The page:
Sunday, August 25, 1974 was a typical sizzling hot summer day in West Texas, and as daylight faded, the residents of the sleepy border town of Presidio began to settle down for the evening, little realizing that one of the most extraordinary UFO events in history was about to light up the skies just thirty miles northwest of their town. On this very night, a fast-moving Saturn-shaped disk that lit up radar screens all along the Texas-Mexico border slammed into a small airplane in the skies over Coyame, Mexico, raining debris down on a portion of the Chihuahuan Desert known as El Llano.
With a 1974 population of about 2,500 souls, Presidio was an often-overlooked international border crossing located in the rugged, mountainous area of Texas known as the Big Bend, where the Rio Grande River makes a long sweeping curve and darts between deep canyon walls amidst a lunar-like landscape. Located in an area of the Southwest that has long been known for its mysterious desolation, Presidio is recognized by archeologists as the oldest continuously cultivated region in the United States, with evidence of farming having occurred there as early as 1500 B.C. Situated at the point where the Rio Grande and Conchos Rivers meet, Presidio was home to a Spanish penal colony and military garrison in the middle 1700s.
In January 2007, when the authors traveled to Presidio to investigate the 1974 crash retrieval, we were struck by a deep sense of isolation. Presidio is 254 miles from the nearest city of significant size – El Paso, Texas. Surrounded by rugged mountain ranges, Presidio stands in the shadows of the ominous Chinati Mountains to the north, which for over a century have been the site of a mysterious luminous “ball lightning” phenomenon known as the Marfa Lights. On almost any given clear night in this region, glowing, spinning orbs of multicolored light appear and disappear in the sky against the backdrop of the Chinatis shortly after dusk. Local folks have been witnessing this eerie sight since 1883, long before automobiles and aircraft could be blamed for their appearance. The phenomenon is so well-known in the Southwest and attracts so many visitors that the Texas Department of Highways has erected a special roadside viewing area, complete with telescopes and bathrooms, about nine miles east of the nearby town of Marfa, Texas.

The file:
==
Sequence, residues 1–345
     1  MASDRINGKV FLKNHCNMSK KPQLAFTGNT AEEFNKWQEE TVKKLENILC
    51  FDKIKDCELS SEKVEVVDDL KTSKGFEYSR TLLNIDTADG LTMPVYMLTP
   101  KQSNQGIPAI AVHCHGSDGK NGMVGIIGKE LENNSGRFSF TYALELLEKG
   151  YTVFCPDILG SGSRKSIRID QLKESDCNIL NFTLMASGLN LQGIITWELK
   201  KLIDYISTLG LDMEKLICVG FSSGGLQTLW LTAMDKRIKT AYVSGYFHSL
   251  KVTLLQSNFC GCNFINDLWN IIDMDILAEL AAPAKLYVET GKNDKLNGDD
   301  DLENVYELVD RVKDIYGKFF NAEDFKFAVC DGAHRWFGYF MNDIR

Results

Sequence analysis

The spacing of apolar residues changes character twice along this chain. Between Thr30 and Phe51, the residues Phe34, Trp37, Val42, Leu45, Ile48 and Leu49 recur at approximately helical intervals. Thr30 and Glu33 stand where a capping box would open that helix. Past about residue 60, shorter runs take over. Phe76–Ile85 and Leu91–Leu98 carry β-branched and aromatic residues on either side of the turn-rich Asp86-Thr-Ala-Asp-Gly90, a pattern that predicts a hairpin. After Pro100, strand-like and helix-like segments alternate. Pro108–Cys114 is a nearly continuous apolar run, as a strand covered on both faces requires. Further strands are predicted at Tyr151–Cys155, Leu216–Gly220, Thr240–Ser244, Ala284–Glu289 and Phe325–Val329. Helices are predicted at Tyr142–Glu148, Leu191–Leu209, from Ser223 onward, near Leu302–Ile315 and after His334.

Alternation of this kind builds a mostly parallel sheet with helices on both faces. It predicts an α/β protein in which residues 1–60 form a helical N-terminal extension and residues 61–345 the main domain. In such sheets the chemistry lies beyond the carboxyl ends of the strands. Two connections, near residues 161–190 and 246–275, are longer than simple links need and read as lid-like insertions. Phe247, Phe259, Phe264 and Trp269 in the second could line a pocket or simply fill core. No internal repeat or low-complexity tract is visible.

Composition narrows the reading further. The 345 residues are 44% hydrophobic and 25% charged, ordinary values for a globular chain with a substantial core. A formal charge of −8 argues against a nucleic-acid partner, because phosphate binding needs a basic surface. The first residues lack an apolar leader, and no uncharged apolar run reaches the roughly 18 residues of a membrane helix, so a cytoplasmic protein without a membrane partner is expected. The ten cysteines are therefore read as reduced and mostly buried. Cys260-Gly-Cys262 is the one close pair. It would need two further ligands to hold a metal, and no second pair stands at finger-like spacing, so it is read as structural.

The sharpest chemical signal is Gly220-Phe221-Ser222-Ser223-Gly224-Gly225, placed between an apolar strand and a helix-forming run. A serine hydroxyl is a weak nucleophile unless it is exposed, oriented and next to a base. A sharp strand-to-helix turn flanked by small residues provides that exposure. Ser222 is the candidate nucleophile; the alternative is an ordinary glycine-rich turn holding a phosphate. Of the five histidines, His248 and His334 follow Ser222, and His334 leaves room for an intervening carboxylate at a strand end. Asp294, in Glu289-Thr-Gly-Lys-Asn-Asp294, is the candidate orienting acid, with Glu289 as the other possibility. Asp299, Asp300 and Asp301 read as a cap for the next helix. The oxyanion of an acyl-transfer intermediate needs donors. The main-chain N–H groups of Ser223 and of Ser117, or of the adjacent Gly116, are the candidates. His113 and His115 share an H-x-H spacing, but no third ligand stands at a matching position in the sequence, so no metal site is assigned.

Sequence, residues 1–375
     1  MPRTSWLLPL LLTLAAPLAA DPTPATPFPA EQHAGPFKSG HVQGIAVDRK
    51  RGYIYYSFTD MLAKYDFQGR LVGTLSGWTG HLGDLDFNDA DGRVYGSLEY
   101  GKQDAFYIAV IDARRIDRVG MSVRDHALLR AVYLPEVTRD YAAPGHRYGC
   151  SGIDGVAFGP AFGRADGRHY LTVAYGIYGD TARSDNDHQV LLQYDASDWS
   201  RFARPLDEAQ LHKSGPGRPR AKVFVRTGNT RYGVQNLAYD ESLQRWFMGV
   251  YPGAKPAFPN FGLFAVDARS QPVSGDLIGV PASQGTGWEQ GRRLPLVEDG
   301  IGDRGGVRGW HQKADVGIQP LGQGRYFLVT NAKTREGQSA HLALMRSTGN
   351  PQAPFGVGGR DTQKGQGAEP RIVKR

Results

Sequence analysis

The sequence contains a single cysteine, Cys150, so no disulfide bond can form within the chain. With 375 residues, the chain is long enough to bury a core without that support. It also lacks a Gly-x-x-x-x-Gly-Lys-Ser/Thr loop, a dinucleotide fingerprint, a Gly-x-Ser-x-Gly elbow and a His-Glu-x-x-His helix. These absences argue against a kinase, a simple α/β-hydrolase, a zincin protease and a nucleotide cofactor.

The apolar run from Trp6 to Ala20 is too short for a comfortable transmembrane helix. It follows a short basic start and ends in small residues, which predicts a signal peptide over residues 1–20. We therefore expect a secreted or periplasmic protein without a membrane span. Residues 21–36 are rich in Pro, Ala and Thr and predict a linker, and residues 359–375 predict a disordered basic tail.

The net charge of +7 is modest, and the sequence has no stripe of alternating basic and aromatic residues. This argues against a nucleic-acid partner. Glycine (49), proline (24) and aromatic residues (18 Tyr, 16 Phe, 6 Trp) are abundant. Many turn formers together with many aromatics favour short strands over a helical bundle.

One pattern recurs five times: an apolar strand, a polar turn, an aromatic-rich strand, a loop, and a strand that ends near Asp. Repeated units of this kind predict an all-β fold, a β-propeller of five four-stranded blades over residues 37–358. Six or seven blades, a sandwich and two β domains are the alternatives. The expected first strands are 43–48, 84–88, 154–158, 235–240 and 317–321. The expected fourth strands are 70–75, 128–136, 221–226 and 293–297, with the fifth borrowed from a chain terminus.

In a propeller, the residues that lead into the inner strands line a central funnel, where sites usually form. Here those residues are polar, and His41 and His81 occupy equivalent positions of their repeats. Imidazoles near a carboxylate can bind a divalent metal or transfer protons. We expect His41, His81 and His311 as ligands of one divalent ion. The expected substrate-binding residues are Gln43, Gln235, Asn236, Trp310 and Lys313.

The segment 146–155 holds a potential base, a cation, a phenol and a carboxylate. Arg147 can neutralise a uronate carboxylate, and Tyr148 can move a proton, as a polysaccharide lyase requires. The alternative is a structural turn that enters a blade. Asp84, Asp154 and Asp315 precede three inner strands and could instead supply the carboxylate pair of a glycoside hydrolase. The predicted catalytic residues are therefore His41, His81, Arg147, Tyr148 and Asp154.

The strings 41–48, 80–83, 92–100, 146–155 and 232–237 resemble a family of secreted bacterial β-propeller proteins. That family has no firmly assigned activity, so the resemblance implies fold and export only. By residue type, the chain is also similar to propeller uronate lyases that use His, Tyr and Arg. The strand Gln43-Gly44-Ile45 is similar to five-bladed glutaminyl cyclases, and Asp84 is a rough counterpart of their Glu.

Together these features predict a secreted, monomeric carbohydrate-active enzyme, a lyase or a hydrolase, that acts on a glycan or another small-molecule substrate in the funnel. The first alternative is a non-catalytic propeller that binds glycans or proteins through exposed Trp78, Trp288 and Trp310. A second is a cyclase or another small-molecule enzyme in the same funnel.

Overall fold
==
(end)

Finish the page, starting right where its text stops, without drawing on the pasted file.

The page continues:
The Marfa Lights is only one of a number of strange atmospheric phenomena that frequently appear in the area around Presidio, Texas, on both sides of the Rio Grande River. During our visit in January 2007, Mexican residents who live and work just across the international bridge from Presidio spoke of flaming streaks of light in the night sky, whirlwinds that spring out from underground, glowing objects that suddenly turn night into day, and other bizarre goings-on deep in the Chihuahuan Desert. It seems fitting that in this region of mystery and foreboding, the remarkable UFO crash retrieval of 1974 occurred.
On that hot summer evening of August 25, 1974, the incident in question began shortly after 10 p.m. local time, over 600 miles east of Presidio, near the Texas seaport town of Corpus Christi, where military radar detected that an unidentified aircraft had suddenly dropped out of earth orbit and was vectoring toward the Texas coast on an intercept course. Fearing a Soviet intercontinental missile strike, an air defense alert was sounded and fighter jets were prepped for take-off and intercept.
Traveling at a speed of 2,500 miles per hour at an altitude of 75,000 feet, the UFO was first spotted over the Gulf of Mexico about 200 miles east of Corpus. After going through a series of maneuvers suggesting intelligent control, the object quickly turned south along the Texas coast, avoiding entry over land, and seemed headed toward the southernmost tip of Texas, near the city of Brownsville. As the disk continued to hug the Texas coast heading south, it exhibited controlled descent, calculated turns, speed reductions, and other clear indications that this was neither a meteor nor an out-of-control missile.
The object had descended from 75,000 feet to about 45,000 feet by the time it crossed over land into Northern Mexico, about 40 miles south of Brownsville. Its speed was down to 2,000 miles per hour and was still slowing very gradually. The streaking UFO traced a path along some of the more desolate and sparsely populated areas of northern Mexico, seemingly avoiding both the Texas border and the larger Mexican population centers such as Monterrey, Nuevo Leon. Curving along and south of the Rio Grande River, the bogey flew over one of Northeast Mexico’s most mysterious regions, the Zona del Silencio (Zone of Silence), where strange, unknown forces are said to frequently interfere with radio and navigational controls. It was into this bizarre area that an out-of-control U.S. military ICBM missile crashed on July 11, 1970, irradiating some of the soil there and creating political tension between the U.S. and Mexico.
After flying over the Zone of Silence, the 1974 UFO entered the Mexican state of Chihuahua, characterized by tall, rugged mountains and vast stretches of desert, and then something completely unprecedented happened in the skies over the general area of Coyame, Mexico, not more than 30 miles from Presidio, Texas. Zigzagging around mountain peaks that tower above 5,000 feet, the UFO continued gradually descending and slowing down, although its speed was still near 2,000 miles per hour at the time that it encountered another aircraft headed toward it on a collision course. Somewhere over a vast desert plain known as El Llano, just a stone’s throw away from the Texas border, a mid-air collision occurred between the streaking silver disk and a small aircraft flying from El Paso, Texas to Mexico City. The explosion and subsequent fireball shook the earth for miles around.